In collaboration with Beyond Blue, the Australian Securities and Investments Commission (ASIC) commissioned research to deepen the understanding of the relationship between financial wellbeing and mental health in Australia.
The report builds on existing research and emphasises that the relationship between financial wellbeing and mental health is reciprocal, meaning people who experience financial challenges are twice as likely to experience mental health concerns as those who do not. On the other hand, those experiencing mental health challenges are twice as likely to be experiencing financial difficulties. In this way, mental health and financial challenges can compound and lead to a rapid downward spiral.
Participants experiencing financial challenges reported a range of mental health impacts, including stress and anxious thoughts, diagnosable mental health conditions and thoughts of suicide. Financial challenges were also wide-ranging, including low or limited income, debt and financial hardship.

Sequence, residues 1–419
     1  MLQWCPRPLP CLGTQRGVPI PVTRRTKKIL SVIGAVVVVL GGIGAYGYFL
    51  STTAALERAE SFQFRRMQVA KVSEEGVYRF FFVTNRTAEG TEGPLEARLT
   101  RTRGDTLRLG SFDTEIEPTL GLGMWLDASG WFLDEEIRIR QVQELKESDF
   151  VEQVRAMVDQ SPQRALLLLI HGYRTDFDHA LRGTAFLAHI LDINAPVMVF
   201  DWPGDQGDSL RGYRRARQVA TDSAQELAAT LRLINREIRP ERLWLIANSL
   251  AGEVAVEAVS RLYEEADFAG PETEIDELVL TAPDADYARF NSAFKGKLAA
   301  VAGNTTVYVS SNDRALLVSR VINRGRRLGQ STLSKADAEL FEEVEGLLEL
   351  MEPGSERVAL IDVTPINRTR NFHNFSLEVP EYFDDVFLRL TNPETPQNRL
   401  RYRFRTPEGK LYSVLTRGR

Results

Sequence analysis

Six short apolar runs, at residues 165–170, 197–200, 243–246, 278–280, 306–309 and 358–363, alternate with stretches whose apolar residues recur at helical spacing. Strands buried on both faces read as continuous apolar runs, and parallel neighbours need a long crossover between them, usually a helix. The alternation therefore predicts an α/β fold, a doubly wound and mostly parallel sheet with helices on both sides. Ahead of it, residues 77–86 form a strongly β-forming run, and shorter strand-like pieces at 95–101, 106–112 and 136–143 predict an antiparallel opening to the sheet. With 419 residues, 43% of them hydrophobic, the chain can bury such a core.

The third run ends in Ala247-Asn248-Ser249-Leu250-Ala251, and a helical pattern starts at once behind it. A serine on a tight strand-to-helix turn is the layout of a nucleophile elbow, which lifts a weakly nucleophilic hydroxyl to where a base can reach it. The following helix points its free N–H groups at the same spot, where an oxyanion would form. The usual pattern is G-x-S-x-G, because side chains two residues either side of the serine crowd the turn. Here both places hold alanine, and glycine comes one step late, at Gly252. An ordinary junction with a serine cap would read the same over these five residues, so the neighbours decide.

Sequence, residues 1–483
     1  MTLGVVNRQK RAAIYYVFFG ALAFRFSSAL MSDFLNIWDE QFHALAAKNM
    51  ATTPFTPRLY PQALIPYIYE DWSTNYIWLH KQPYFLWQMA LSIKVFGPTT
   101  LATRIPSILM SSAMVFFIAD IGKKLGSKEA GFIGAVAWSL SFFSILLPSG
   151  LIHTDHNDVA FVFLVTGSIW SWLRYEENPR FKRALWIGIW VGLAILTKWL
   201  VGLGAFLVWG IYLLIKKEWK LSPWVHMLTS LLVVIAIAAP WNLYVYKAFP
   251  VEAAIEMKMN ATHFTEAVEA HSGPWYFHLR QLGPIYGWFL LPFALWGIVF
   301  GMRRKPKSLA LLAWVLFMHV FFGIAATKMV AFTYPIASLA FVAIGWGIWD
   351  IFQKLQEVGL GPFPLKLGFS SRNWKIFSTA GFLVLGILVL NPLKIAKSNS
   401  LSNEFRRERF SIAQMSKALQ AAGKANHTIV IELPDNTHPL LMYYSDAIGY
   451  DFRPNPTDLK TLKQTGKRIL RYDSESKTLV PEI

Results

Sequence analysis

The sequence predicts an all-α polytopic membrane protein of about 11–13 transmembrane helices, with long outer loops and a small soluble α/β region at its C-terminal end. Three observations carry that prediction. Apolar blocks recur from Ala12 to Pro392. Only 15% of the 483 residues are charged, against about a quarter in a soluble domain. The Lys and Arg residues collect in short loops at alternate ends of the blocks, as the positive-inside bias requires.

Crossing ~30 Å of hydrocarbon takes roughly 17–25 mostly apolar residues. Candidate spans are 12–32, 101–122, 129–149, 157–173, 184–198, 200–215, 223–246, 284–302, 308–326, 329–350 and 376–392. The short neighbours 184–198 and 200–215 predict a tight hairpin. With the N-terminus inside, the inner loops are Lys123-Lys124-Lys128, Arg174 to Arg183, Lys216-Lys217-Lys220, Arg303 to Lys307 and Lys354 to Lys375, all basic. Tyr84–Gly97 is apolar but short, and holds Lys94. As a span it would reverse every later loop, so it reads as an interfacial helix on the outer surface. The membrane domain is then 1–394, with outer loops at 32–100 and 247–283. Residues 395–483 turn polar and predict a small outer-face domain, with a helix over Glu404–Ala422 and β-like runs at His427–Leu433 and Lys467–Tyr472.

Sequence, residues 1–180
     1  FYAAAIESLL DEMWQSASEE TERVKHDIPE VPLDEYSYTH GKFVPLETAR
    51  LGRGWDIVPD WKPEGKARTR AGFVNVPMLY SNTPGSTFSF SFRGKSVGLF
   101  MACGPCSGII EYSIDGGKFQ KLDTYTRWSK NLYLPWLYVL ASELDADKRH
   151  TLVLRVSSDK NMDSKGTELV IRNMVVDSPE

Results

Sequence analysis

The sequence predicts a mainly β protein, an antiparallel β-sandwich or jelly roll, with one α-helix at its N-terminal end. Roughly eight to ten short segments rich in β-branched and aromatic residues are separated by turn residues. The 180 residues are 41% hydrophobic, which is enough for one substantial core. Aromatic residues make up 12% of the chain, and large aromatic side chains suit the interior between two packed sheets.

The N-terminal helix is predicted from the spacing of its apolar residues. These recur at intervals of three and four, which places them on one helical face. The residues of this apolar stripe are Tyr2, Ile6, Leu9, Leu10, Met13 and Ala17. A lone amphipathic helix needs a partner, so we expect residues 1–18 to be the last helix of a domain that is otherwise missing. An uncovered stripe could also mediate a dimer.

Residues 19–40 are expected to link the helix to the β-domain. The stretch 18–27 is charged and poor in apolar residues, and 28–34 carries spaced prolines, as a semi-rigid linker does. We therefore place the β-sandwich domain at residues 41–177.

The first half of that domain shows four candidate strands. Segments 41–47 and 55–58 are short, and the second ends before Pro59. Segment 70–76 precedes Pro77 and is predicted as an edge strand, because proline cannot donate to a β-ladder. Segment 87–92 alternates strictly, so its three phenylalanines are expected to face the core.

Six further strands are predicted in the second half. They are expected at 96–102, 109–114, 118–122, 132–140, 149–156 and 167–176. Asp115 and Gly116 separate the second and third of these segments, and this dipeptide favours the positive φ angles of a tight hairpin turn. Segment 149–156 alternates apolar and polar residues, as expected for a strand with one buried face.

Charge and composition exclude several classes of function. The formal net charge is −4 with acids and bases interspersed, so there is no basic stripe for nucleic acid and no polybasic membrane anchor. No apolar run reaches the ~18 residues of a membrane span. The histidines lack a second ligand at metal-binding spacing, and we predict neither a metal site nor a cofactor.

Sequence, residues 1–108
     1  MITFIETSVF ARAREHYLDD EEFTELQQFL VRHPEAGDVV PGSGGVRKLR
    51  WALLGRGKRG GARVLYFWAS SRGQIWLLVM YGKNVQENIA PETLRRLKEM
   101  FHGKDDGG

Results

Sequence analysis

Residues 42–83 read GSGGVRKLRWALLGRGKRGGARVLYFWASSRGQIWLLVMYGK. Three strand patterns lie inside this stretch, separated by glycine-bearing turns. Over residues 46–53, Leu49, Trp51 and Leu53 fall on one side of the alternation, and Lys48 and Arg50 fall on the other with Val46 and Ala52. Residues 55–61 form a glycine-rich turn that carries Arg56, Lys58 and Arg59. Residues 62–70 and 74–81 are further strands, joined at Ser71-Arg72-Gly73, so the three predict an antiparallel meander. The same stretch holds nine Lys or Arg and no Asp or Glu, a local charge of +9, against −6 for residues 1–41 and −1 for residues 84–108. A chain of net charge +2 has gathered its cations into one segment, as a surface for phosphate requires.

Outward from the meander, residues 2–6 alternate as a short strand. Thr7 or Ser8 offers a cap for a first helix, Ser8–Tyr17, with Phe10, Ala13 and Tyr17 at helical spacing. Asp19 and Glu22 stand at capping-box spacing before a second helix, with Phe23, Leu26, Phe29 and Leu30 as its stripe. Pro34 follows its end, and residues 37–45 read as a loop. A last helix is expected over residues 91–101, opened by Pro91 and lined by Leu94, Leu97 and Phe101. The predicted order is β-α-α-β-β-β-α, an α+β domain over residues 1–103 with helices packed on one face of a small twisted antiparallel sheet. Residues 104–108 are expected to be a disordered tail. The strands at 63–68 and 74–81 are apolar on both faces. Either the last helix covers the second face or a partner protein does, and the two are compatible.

In the report, connections were established between suicidal thoughts and behaviours. Debt, including falling behind on loan repayments, is associated with experiencing suicidal thoughts. Being unemployed is also associated with a higher relative risk of death by suicide compared to being employed.
Different groups in the community are considered to be more susceptible to experiencing financial and mental health impacts. These include young adults, women, First Nations peoples, small business owners and those who experience multiple adversities at once (e.g. someone who is both a First Nations person and a small business owner).
Importantly, researchers note that a positive relationship also exists. Financial wellbeing can improve mental health, and improvements in mental health can improve financial wellbeing.